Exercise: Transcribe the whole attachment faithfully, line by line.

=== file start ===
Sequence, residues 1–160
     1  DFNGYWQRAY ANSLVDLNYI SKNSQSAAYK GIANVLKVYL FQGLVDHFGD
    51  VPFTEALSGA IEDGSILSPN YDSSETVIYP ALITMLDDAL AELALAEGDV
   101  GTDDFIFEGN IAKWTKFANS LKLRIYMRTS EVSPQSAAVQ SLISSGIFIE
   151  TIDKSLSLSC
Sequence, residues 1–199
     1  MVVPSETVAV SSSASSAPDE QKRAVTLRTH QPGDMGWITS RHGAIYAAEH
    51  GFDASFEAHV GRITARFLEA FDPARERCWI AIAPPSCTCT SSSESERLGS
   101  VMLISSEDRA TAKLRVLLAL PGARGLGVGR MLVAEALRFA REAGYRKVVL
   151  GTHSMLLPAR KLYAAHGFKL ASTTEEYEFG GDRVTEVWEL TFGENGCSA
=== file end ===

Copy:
Sequence, residues 1–160
     1  DFNGYWQRAY ANSLVDLNYI SKNSQSAAYK GIANVLKVYL FQGLVDHFGD
    51  VPFTEALSGA IEDGSILSPN YDSSETVIYP ALITMLDDAL AELALAEGDV
   101  GTDDFIFEGN IAKWTKFANS LKLRIYMRTS EVSPQSAAVQ SLISSGIFIE
   151  TIDKSLSLSC
Sequence, residues 1–199
     1  MVVPSETVAV SSSASSAPDE QKRAVTLRTH QPGDMGWITS RHGAIYAAEH
    51  GFDASFEAHV GRITARFLEA FDPARERCWI AIAPPSCTCT SSSESERLGS
   101  VMLISSEDRA TAKLRVLLAL PGARGLGVGR MLVAEALRFA REAGYRKVVL
   151  GTHSMLLPAR KLYAAHGFKL ASTTEEYEFG GDRVTEVWEL TFGENGCSA